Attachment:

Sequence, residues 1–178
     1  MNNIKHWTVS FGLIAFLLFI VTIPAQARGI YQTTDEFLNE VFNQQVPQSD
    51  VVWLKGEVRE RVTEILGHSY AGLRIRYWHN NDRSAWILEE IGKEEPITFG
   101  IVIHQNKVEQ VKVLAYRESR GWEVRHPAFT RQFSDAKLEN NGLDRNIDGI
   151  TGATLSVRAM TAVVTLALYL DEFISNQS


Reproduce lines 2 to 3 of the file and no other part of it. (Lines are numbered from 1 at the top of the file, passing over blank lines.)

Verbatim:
     1  MNNIKHWTVS FGLIAFLLFI VTIPAQARGI YQTTDEFLNE VFNQQVPQSD
    51  VVWLKGEVRE RVTEILGHSY AGLRIRYWHN NDRSAWILEE IGKEEPITFG